Fresh from two quarters of strong profits, Richmond-based Signet Banking Corp. announced yesterday that it will boost its quarterly common-stock dividend by 50 percent, to 30 cents a share.
The dividend, which the company and analysts called a strong sign of Signet's optimism about the future, will be paid Nov. 25 to shareholders of record as of Nov. 3.
Signet, which owns bank subsidiaries in Virginia, Washington and Maryland, last changed its dividend rate in March of last year, when it cut the quarterly payment nearly in half, to 20 cents, from 39 cents.
With 27.8 million shares outstanding, the new policy means the company will pay about $33.4 million a year to its nearly 15,500 shareholders, up from $22.2 million.
"We are pleased and encouraged by the results from our nine months of operations in 1992," Robert M. Freeman, chairman and chief executive officer, said in a statement yesterday. "This dividend increase is a strong signal that our earnings recovery is solid and sustainable."
For the nine months that ended Sept. 30, Signet earned $77.4 million, or $2.79 a share, up nearly 200 percent from 1991. The company lost $25.7 million last year because of a $52 million fourth-quarter loss.
At the same time, Signet's non-performing assets dropped to $242.5 million in the latest quarter, down 18 percent from the second quarter and more than 30 percent from a year ago. Total assets on Sept. 30 were $11.6 billion.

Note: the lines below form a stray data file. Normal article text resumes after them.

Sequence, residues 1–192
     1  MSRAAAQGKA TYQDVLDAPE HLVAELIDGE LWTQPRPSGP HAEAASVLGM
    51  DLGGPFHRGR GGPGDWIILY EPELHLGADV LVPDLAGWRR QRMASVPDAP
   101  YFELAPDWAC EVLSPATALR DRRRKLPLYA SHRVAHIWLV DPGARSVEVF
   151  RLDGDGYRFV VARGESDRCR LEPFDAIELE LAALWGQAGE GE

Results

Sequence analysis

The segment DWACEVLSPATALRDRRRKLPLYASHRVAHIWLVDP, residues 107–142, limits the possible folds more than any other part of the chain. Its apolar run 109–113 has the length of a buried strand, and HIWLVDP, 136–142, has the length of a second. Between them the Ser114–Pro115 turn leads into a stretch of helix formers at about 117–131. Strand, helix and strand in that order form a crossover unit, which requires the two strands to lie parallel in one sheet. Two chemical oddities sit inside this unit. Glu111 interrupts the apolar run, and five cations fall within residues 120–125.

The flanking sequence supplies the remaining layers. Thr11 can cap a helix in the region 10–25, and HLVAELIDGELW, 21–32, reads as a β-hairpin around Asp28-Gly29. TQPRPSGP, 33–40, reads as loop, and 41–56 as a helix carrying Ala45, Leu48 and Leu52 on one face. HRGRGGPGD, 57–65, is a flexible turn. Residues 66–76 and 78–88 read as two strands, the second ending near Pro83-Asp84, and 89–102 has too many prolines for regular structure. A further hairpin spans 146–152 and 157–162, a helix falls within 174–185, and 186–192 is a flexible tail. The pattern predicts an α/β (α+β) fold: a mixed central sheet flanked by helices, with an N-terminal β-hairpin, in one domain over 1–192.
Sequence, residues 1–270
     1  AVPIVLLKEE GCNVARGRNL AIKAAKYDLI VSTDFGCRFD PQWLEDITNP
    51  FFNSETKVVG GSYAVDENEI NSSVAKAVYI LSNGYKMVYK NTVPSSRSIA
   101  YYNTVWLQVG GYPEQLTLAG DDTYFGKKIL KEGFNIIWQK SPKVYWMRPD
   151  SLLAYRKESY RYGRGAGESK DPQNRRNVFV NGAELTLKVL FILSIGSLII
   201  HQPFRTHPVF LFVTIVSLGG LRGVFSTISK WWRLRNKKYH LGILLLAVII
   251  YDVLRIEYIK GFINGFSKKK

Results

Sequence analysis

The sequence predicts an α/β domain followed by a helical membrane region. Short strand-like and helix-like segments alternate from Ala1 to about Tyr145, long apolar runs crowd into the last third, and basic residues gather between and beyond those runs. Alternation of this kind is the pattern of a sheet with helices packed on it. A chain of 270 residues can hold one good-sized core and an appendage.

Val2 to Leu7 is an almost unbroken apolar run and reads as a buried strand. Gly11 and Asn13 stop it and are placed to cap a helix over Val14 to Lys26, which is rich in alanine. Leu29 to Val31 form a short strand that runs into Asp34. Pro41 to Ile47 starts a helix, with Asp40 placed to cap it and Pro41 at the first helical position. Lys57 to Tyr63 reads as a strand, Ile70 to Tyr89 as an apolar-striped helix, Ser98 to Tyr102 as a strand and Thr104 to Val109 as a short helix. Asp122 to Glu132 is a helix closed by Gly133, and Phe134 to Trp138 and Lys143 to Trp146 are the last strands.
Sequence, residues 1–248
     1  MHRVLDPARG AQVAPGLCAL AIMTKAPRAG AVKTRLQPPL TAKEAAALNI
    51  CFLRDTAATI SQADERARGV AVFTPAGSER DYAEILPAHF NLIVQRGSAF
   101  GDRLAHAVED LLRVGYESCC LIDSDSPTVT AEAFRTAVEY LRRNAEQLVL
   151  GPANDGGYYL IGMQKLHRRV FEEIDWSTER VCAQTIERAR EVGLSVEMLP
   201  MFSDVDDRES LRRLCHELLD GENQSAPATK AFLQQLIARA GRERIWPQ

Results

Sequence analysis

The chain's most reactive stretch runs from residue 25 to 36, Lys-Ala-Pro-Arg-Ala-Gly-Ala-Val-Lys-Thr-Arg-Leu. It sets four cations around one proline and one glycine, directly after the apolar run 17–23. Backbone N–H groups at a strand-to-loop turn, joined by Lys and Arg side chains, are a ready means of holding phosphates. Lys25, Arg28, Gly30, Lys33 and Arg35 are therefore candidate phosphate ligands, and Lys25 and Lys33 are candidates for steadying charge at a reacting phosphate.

John Heffern, a banking analyst at Alex. Brown Inc., said the increased dividend brings Signet back in line with its historical payout rate of 30 percent to 35 percent of annual earnings per share. Mr. Heffern expects Signet to earn $3.80 a share this year.
"I think it's management's way of signaling to the market their confidence in the sustainability of the earnings improvement," he said.
The market welcomed the move, driving Signet's stock up $1.125, to $39, in heavy trading on the New York Stock Exchange.
Even so, Mr. Heffern said the stock was substantially undervalued. The group of regional banks comparable to Signet is trading at about 1.6 times book value, he said. Based on yesterday's closing price, Signet is trading at 1.36 times its Sept. 30 book value of $28.77 a share.
Investment in the company is "not a slam dunk," Mr. Heffern said, noting the continued existence of the non-performing assets. "But they have made a lot of progress, and they seem to be moving in the right direction."